However, Democrats say such allegations are vague and rare. They believe the bills have a different purpose: to give Republicans the upper hand in elections. Plum said has not seen the voting fraud that the Republicans claim to be fighting.

“No one has shown me what has happened in Virginia that gives rise to the need for the bills. What wrong, what ill are we trying to correct?” Plum said. Democrats held a rally against the voter identification bills at the
Capitol on Jan. 31. Speakers likened the bills to efforts to prevent African Americans from voting during Virginia’s Jim Crow days of racial discrimination.

Democratic leaders say passage of the bills would hurt Virginia’s reputation.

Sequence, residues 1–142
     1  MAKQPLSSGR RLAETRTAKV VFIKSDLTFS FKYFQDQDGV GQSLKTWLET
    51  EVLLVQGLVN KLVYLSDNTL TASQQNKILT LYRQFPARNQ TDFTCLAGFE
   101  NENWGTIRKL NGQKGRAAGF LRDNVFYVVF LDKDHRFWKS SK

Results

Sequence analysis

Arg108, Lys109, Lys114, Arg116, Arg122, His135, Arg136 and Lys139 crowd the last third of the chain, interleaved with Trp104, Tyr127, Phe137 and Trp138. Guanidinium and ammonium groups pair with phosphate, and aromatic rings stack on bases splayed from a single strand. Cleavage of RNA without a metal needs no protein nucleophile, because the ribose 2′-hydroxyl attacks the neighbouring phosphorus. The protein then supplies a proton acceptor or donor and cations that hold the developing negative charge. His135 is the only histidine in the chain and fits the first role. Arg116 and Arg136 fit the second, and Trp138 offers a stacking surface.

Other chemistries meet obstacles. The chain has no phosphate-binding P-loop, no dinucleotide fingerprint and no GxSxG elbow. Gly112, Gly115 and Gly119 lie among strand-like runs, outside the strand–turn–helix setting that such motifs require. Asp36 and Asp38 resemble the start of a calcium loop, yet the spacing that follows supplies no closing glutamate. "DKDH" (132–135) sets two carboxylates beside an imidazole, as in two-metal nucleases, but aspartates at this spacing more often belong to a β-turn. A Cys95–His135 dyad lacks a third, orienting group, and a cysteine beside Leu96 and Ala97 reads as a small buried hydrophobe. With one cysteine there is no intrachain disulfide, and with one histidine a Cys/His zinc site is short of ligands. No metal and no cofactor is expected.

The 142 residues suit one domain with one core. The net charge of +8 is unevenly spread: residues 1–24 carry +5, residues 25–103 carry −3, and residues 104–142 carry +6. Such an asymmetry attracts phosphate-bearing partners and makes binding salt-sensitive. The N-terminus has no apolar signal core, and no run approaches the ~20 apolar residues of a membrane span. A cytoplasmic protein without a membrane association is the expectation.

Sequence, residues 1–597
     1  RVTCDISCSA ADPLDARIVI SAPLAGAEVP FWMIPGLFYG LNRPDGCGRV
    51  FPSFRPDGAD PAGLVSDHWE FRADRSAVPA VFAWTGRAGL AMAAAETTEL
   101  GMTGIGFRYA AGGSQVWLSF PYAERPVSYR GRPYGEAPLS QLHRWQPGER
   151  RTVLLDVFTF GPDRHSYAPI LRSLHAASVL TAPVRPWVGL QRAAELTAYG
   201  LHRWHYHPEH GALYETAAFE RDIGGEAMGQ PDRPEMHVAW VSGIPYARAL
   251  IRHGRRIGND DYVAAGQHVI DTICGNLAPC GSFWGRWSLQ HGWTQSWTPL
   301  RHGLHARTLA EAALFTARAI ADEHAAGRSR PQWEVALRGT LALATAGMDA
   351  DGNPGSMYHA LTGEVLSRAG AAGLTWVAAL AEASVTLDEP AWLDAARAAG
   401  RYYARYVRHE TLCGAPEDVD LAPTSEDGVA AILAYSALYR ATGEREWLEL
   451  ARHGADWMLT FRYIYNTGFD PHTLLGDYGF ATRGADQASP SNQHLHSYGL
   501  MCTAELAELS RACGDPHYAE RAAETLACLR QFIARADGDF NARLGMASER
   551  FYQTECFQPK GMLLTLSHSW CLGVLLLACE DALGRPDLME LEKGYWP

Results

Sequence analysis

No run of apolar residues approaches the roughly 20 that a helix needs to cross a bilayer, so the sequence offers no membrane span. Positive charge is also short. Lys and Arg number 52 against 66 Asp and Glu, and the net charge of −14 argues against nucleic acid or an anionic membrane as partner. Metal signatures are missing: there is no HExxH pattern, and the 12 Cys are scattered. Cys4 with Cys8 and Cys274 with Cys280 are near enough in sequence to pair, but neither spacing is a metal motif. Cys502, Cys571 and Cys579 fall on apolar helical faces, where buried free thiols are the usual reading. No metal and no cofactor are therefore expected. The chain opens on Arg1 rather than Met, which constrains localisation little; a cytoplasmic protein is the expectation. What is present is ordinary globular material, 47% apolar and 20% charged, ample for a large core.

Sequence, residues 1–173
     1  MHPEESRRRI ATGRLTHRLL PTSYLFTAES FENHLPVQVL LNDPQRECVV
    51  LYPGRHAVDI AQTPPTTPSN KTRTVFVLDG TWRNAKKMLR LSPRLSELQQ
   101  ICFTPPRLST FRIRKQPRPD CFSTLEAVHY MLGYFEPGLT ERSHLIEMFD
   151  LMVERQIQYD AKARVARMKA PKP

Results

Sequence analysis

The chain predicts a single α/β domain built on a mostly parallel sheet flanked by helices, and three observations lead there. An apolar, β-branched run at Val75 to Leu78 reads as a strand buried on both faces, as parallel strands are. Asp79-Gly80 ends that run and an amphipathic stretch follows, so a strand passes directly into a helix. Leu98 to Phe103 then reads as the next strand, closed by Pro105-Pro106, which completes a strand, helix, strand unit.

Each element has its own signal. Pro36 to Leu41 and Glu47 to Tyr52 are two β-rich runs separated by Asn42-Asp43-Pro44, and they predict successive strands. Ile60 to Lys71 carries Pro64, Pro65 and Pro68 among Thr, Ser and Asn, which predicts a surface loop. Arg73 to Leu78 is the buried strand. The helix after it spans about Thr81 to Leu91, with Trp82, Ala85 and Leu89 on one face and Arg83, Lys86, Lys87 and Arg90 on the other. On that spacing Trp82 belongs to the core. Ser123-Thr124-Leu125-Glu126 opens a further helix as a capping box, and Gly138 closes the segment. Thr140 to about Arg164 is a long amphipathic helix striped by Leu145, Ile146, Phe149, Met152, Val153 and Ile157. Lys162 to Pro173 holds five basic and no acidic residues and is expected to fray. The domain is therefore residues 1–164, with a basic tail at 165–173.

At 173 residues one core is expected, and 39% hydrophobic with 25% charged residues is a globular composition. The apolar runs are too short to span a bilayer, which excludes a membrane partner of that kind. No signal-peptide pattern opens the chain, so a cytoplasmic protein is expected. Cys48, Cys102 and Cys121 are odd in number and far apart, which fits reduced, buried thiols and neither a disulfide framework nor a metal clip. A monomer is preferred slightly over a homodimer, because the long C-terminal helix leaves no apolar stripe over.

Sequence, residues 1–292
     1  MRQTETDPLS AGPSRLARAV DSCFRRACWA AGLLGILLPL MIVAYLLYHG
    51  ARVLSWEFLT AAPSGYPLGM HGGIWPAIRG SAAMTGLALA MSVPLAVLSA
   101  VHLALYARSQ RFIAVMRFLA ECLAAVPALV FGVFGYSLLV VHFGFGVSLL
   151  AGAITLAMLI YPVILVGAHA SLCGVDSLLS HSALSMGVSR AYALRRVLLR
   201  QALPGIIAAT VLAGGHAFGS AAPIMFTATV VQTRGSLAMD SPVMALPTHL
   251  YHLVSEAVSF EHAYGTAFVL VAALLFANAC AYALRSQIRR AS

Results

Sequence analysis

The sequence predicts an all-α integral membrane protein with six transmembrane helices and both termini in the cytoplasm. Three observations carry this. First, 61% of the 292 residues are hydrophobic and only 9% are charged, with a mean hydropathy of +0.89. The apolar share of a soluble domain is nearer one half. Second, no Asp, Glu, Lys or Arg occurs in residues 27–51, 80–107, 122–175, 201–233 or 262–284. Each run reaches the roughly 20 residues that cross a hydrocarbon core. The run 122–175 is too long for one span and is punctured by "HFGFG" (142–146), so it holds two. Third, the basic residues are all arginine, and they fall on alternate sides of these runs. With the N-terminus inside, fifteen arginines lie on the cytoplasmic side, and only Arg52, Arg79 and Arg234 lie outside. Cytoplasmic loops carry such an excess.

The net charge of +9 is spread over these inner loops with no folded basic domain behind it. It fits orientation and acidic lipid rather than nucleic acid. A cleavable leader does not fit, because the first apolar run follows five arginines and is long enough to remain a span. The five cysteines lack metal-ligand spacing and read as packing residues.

“I believe it will be a mark against Virginia because it will show that we are not as progressive a state as we sometimes want to make ourselves out as being,” Plum said.

“It’ll show that we really haven’t freed ourselves from bad practices of the past. And particularly if there is a contested presidential election, we will not stand well in the eyes of the country.”

More cyclists on the way

Riders to pass through county on East Coast Greenway tour
From October 4-9, 35 cyclists will be riding through Henrico County as part of a 325-mile tour of the East Coast Greenway (ECG) route from Fredericksburg, Virginia, to Raleigh, NC.

A 2,900-mile trail route that extends from the Canadian border at Calais, Maine, to Key West, Florida, The East Coast Greenway is heading into its 25th year. The Week A Year (WAY) Tour is an annual ride and fundraiser that has been working its way south since the first WAY Tour launched from Calais, Maine in 2011. Riders cover a different section of the Greenway each year and are on target to complete the route in Key West in 2019. > Read more.